• abdominal pain, discomfort
    • flatulence
    • weight loss
  54. Which types of animals are the most affected by dietary intolerance/sensitivity diarrhea?
    can affect any age, but most commonly in dogs under 1 year and cats from 2 - 5 years
  55. How do we diagnose and treat dietary intolerance/sensitivity diarrhea?
    • dietary trial
    • avoid treats, flavored treats, flavored medication, vitamins, coprophagia
    • treat and resolve concurrent skin and ear infections
    • serum allergy testing
  56. How do we do a dietary trial for intolerance/sensitivity diarrhea?
    • exclusion, elimination diet
    • protein source not usually eaten by the pet
    • need a trail of at least 12 weeks
    • can try oral prednisone
  57. What are the most common food allergens in dogs?
    • beef
    • soy
    • chicken
    • milk
    • corn
    • wheat
    • eggs
    • any protein can be involved
  58. What are the most common food allergens in cats?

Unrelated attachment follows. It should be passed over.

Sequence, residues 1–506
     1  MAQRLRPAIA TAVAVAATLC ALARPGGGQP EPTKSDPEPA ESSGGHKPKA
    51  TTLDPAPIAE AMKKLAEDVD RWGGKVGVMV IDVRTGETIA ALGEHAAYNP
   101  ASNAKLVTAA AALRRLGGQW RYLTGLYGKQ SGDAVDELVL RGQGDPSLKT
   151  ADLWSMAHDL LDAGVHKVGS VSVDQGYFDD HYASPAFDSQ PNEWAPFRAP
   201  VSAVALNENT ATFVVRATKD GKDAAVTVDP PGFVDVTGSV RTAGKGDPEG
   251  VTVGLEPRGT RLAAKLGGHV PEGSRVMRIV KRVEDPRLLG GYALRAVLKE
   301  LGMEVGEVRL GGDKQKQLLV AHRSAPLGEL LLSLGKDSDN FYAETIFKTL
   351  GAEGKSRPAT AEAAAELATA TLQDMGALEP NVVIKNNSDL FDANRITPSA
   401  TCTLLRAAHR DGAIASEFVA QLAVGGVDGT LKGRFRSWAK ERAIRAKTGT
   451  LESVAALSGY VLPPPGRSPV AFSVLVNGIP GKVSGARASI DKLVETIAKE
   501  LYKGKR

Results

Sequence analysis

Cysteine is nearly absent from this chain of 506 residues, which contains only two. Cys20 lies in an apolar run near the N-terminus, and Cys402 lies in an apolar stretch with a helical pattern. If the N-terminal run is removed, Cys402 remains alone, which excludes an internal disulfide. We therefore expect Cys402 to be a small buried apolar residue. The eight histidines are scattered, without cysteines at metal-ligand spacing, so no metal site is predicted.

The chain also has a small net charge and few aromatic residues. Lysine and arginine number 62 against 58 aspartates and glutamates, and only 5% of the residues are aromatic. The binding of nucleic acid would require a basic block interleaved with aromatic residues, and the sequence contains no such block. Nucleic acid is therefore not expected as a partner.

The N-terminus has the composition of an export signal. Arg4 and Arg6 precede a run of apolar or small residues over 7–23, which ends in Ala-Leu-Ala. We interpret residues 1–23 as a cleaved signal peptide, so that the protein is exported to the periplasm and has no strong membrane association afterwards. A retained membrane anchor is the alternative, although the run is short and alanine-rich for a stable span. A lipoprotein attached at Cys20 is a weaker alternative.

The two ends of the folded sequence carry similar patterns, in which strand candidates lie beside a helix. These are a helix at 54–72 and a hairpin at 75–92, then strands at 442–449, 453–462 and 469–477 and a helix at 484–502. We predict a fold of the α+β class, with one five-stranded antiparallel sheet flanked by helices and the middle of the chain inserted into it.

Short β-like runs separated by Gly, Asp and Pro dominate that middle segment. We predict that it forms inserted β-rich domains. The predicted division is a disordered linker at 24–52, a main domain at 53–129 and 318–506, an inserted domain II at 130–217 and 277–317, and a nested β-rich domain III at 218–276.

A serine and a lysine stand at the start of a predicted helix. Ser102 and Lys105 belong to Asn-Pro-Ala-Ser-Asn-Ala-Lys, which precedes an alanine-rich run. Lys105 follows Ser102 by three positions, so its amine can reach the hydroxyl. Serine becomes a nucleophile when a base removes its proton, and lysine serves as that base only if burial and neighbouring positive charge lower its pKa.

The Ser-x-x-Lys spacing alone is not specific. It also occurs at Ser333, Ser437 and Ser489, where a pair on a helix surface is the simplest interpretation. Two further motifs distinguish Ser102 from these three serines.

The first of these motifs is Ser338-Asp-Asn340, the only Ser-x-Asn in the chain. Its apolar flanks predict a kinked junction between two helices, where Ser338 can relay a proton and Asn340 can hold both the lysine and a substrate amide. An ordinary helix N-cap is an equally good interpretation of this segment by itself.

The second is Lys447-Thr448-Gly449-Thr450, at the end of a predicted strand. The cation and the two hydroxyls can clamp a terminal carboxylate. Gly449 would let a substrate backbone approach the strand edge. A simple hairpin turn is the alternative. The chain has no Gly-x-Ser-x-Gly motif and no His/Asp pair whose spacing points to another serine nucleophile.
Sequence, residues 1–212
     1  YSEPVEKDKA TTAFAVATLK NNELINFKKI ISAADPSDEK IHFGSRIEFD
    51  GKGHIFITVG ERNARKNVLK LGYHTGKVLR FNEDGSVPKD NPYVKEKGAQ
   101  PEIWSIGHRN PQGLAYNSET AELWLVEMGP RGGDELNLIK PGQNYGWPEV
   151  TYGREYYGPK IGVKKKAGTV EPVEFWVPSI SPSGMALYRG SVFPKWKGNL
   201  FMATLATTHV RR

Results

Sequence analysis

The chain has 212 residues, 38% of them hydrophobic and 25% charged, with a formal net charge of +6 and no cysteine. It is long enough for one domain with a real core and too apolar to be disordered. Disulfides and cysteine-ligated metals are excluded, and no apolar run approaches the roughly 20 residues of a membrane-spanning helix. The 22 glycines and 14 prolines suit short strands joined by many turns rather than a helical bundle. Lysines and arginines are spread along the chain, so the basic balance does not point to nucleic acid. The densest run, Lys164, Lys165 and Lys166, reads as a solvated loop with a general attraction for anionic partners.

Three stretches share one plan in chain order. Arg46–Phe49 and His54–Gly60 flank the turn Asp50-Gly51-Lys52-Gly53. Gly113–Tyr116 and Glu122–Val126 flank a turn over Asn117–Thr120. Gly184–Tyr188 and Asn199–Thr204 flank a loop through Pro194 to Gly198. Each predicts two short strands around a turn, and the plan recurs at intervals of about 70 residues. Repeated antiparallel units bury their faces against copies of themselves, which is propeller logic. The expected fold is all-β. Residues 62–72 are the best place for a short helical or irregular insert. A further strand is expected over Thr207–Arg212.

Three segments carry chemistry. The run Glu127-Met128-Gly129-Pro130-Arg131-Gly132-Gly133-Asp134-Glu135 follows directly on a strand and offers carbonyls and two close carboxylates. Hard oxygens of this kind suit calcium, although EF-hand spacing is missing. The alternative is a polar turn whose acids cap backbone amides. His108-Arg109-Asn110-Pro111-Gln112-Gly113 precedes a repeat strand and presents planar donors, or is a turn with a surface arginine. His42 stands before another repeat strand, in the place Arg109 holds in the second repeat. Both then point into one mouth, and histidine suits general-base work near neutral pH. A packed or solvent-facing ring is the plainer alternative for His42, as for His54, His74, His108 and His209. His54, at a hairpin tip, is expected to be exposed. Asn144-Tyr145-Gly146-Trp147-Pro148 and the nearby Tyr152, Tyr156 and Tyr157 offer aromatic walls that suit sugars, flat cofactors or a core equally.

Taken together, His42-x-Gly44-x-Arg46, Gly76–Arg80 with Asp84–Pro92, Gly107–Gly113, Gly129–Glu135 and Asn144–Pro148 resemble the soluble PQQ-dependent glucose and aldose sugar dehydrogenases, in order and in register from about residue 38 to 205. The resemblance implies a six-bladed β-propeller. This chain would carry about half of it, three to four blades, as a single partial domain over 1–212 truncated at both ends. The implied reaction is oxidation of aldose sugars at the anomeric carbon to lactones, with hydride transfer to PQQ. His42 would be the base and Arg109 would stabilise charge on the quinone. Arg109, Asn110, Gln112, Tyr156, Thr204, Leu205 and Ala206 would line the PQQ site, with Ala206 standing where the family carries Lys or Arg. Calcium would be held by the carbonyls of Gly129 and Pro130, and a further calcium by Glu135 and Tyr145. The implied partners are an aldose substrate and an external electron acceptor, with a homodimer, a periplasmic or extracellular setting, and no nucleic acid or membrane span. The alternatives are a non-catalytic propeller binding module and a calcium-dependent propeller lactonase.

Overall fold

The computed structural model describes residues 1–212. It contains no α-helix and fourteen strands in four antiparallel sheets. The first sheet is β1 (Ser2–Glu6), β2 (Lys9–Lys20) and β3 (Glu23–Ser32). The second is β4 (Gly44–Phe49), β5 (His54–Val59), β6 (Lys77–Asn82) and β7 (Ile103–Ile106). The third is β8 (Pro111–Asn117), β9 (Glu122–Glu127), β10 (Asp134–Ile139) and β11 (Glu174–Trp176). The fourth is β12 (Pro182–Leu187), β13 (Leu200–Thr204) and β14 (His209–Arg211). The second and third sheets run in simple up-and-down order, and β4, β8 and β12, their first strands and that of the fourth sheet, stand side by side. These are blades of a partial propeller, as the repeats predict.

• fish
    • beef
    • dairy
  59. What are the two types of intestinal neoplasia?
    • adenocarcinoma - more common in older cats than dogs
    • lymphosacroma - more common in cats than dogs
  60. What are the clinical signs of intestinal neoplasia?
    • clinical signs are progressive
    • signs related tot he location and growth of the tumor
    • metastasis can occur
    • weight loss
    • signs of partial GI obstruction
    • may have melena
    • malabsorption/maldigestion
    • may have diarrhea, vomiting
    • abdominal discomfort
    • anorexia
  61. How do we diagnose intestinal neoplasia?
    • palpate abdominal mass
    • intestinal wall thickens
    • contrast radiographs
    • obstruction
    • endoscopy for biopsy of upper GI tract
    • minimum data base - anemia, hypoproteinemia
  62. What will we see on a contrast radiograph with intestinal neoplasia?
    • mucosal irregularity